Is your advertising newsworthy?

The problem with most advertising is that it’s done the same way doting parents describe their kids – with the mistaken belief that everyone cares how pretty / smart / really good at banal s**t  they are.

Spoiler: nobody cares.

In fact, this major study confirmed that consumers wouldn’t notice if 75% of brands disappeared overnight. The reason – those brands haven’t figured out how to think from the consumer’s point of view. How to say something relevant and important to those consumers. How to make their pitch newsworthy.

Here’s what I’m talking about.

your product isn’t newsworthy?


Free brand audit ad

As I mentioned in the video above, consider the Whopper. In taste, it barely beats the tray liner it’s served on. In innovation, nada. Go ahead, find something amazing about the Whopper that would make the six o’clock news. I dare you.

That’s not how the folks at Burger King’s agency felt. If the Whopper was simply taken for granted, they reasoned, what would happen if they suddenly took it away? Which is precisely what they announced.

That made the news. Turns out, millions of people who never gave the Whopper a second thought were shocked and incensed that it might suddenly disappear. The campaign was a success.

Some years ago, an agency producer told me a similar story, with a hilarious twist. She recounted a snowy winter morning in New York City. There was so much snow, in fact, that the McDonald’s below her window didn’t open.

As she recalled, people were standing outside the restaurant, repeating to each other in shocked disbelief ‘McDonald’s is closed’. In fact, there were so many people saying exactly the same thing over and over, to everyone who would listen, that it took on the air of a Monty Python skit. I could see the commercial playing in producer’s head as she told the story, and it would’ve been a good one.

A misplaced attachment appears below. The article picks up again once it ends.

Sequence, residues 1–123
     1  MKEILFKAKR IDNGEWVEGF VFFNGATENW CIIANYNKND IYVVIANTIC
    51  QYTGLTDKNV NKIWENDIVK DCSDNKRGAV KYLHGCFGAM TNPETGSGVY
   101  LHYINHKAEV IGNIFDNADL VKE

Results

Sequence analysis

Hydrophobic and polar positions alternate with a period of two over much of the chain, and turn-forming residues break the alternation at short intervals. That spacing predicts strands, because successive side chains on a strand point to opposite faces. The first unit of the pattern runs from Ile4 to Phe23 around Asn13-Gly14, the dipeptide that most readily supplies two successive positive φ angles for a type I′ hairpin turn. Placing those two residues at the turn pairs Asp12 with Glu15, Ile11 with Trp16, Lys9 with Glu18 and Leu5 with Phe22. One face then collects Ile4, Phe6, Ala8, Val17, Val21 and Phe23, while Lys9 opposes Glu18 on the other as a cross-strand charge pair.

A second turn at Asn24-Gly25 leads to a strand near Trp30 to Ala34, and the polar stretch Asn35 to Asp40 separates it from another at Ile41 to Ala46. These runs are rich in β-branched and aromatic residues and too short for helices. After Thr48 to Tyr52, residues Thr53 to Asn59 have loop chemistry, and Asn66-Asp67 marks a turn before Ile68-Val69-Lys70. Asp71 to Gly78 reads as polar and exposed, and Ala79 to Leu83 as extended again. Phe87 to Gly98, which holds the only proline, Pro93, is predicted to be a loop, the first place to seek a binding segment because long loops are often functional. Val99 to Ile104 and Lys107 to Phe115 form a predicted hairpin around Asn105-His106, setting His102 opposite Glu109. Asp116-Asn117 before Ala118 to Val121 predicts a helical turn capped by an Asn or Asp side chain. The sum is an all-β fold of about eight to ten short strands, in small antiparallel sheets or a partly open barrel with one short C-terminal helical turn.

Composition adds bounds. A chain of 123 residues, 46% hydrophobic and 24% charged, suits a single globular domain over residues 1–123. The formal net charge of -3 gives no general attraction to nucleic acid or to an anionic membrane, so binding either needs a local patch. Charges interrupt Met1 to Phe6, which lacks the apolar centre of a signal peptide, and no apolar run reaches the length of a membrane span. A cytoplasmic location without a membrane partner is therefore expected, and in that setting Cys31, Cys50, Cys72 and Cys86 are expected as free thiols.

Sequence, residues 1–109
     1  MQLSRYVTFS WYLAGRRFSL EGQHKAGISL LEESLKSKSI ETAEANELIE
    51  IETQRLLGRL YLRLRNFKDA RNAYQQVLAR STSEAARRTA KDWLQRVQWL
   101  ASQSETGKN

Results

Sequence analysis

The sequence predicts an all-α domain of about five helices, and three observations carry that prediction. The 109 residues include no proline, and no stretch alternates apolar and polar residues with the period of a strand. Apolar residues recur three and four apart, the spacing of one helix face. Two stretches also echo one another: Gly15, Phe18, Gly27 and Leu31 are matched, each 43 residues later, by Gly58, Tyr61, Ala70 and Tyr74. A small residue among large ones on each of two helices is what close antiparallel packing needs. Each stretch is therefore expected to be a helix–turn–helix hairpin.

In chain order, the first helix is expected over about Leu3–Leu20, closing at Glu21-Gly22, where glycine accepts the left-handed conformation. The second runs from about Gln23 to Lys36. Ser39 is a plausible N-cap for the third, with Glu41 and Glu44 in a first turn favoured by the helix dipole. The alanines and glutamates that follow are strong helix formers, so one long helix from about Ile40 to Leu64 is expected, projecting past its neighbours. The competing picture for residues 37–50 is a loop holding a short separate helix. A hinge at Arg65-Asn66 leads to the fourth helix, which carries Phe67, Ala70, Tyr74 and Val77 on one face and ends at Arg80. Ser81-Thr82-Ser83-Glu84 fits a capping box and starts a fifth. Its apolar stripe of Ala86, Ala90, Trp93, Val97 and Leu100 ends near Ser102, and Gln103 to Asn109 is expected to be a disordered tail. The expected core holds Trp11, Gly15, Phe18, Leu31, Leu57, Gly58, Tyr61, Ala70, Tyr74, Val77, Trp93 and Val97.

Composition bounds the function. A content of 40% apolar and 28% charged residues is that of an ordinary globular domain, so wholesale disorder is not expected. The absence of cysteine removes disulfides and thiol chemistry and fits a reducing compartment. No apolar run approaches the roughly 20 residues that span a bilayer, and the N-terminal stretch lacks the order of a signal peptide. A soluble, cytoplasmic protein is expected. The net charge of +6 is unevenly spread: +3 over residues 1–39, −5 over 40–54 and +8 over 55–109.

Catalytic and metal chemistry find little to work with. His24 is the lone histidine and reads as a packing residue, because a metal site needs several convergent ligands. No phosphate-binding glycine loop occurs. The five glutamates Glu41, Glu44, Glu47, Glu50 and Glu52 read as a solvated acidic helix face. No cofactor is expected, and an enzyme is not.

So if you think there’s nothing newsworthy in your product, you aren’t thinking hard enough. Or perhaps, not laterally enough.

try lateral thinking

Anyone experiencing an imagination logjam needs to try Lateral Thinking by Edward de Bono.

De Bono describes two forms of thinking – linear and lateral. Linear is mathematical, flowing in a straight line from problem to solution. Lateral, on the other hand, starts with a problem and challenges us to think through multiple ways to solve the problem.

It all comes down to starting right. My preferred method is scribbling out at least 20 possible solutions on post it notes with a sharpie. A former colleague of mine went further, challenging himself to crank out a solution every minute for an hour.

The goal isn’t to create fully formed ideas, but thoughtstarters that, if pursued, might yield results. 99% of the ideas may be garbage – which is fine. You only need one great one.

think like a consumer

Everyone in advertising will tell you how important it is to think like a consumer. Easier said than done, when you’re living the role of marketer every day.

That’s why it pays to go sit with consumers (not in focus groups, or online surveys. Sit in the damn Burger King!) and simply ask them about the product. Engage them in conversations about their lives, their kids, their hobbies – and how, if at all, the product plays a role in those things.

They won’t solve your problem for you. But they will drop little nuggets of pure gold. If you’re a decent lateral thinker, you may just be able to spin these observations into a good campaign that is newsworthy.

Imagine a hypothetical conversation between the agency person working on the Whopper, and a Burger King patron. The patron may say he was raised on Whoppers. Or why he prefers a Whopper to a Big Mac. Or how a Whopper is a guilty pleasure he enjoys after taking his kid to hockey practice.

From this, you’d see that the Whopper anchors a pleasant emotional state. This has nothing to do with taste or innovation. It’s an icon.

Take away the icon, and the patron is left with a hole in their soul. A small hole, but a hole nonetheless.

From this point on, the lateral thinking kicks into overdrive. And if you’re lucky, you come up with the famous ‘Whopper being discontinued’ campaign. At worst, you stir up ideas that are leagues better than the bog standard ‘It tastes great!’ advertising we see too much of.

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